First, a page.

We all have an opportunity to contribute actively to preserving our urban heritage through online phenomena such as crowdsourcing, social media and wikis. During this evening, Arno van der Hoeven will present the most important findings from his research into participatory heritage websites, Mike de Kreek will explore the social power of online neighbourhood oral history programmes, and Walther Hasselo will talk about enriching urban heritage collections through crowdsourcing and linked data.
There is a lively memory culture around cities on the web, ranging from Facebook groups with historical photos to heritage blogs published by municipal museums. The internet has created new players in the heritage sector and innovative ways to keep urban history alive. In multicultural cities, the internet can help to shed light on the diversity of local heritage and online media can help to focus attention on previously hidden or unknown urban histories.
In recent years, Arno van der Hoeven (Erasmus University Rotterdam) has worked together with the State Archive for Dutch Architecture and Urban Planning and DEN (Dutch Knowledge Centre for Digital Heritage and Culture) on a research project about participatory local history websites. The project deals with online initiatives in which local residents play an active role in enriching urban heritage and making it publicly accessible. Examples include the crowdsourcing activities of Erfgoed Leiden en Omstreken, the digital Bijlmer Museum established by local residents, the community around the Manchester Digital Music Archive, the Old Amsterdam Facebook page, the Rear-View Mirror of the Enschede City Archives, and Project Mosul, which enlists the help of the public to reconstruct heritage lost in the Second World War.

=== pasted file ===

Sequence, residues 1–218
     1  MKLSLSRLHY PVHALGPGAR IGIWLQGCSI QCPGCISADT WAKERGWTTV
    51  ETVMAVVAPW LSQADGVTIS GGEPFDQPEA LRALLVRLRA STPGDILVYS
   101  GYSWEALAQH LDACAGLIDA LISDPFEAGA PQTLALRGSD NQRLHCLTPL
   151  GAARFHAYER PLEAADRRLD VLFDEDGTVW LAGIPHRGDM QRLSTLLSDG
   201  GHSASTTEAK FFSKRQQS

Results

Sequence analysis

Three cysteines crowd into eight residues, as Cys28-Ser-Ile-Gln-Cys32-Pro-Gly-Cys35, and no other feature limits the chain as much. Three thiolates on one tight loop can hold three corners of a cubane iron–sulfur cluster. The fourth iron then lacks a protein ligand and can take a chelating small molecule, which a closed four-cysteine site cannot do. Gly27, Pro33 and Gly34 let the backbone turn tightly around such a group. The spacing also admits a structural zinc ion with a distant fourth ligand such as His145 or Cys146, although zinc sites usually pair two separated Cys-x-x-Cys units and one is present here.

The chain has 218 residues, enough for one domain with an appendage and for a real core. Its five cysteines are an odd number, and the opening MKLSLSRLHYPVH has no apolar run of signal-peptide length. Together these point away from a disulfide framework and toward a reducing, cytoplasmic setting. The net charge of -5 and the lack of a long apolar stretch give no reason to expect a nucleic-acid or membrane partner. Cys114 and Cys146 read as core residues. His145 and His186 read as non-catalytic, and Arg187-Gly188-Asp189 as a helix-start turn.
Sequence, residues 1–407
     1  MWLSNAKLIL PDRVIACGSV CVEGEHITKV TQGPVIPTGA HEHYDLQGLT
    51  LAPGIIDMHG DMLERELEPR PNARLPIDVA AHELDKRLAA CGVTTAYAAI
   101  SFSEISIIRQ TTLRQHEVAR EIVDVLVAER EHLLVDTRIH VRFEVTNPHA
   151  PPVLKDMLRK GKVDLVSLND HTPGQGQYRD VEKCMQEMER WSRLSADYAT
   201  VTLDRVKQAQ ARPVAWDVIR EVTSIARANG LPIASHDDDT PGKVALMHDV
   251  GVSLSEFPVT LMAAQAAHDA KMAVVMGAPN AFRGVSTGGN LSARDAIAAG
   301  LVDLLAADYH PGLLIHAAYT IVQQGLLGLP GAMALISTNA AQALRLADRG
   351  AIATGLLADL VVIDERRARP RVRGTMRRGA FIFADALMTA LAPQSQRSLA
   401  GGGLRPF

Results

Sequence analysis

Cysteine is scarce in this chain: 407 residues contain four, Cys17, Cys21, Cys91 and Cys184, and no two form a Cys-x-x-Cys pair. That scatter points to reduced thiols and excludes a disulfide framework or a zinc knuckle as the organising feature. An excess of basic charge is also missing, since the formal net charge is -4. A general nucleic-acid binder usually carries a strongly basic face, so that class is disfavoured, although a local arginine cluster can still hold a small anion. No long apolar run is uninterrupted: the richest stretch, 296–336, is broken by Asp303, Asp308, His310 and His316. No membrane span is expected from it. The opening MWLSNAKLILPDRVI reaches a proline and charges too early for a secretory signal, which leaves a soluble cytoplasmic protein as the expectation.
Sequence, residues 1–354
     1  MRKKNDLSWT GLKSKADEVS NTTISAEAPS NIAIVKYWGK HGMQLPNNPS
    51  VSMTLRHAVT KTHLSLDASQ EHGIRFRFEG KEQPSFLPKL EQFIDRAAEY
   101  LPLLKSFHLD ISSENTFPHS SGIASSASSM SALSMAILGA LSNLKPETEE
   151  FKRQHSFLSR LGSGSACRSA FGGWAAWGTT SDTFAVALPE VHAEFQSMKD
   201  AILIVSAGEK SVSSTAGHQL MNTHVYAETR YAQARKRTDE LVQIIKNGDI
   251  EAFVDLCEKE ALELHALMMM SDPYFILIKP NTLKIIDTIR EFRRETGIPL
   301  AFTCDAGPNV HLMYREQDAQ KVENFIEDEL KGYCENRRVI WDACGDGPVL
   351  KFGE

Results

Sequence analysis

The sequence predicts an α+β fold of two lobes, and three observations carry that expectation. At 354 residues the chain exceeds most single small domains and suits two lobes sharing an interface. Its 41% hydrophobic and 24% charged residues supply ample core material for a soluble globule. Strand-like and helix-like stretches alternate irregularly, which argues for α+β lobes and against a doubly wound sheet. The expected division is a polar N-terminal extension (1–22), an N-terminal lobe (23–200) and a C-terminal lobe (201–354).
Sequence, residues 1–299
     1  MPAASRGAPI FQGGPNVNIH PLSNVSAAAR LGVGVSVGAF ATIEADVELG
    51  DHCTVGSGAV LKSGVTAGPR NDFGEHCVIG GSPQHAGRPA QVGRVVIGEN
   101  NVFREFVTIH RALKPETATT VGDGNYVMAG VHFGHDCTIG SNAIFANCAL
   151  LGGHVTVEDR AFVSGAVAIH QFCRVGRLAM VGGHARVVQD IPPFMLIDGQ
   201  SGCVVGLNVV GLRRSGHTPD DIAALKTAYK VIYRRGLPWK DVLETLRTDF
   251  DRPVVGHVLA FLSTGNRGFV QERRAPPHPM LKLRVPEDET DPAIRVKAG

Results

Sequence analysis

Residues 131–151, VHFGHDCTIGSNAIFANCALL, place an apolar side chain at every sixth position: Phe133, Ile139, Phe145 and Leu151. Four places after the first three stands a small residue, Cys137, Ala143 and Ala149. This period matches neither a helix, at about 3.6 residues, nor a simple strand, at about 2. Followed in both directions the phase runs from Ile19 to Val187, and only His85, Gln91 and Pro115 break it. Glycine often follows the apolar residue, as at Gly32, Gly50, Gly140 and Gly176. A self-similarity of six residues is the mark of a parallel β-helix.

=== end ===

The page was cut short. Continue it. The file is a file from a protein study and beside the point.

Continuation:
During this evening, a research report on online urban heritage will be presented, followed by a discussion with researchers and heritage professionals. Concrete examples will be used to explore the social value, challenges and practical applications of these participatory heritage websites.
Arno van der Hoeven
Arno van der Hoeven is assistant professor in the department of media and communications at the Erasmus University Rotterdam. In recent years, he has worked in partnership with Het Nieuwe Instituut on a research project about participatory heritage websites in cities.
As the e-heritage project manager at Erfgoed Leiden en Omstreken, Walther Hasselo has considerable experience with digital innovation in the heritage sector. He will discuss how linked data and crowdsourcing can help heritage institutions enrich their collections and answer new questions about local history.
Mike de Kreek
Mike de Kreek is a lecturer and researcher at the Amsterdam University of Applied Sciences. His doctoral thesis, entitled ‘Collective Empowerment Through Local Memory Websites’ explores the social significance of local history websites in two neighbourhoods in West and East Amsterdam. De Kreek is interested in the social power of expression via new media.
Het Nieuwe Instituut
3015 CB Rotterdam
Free. Registration via Tickets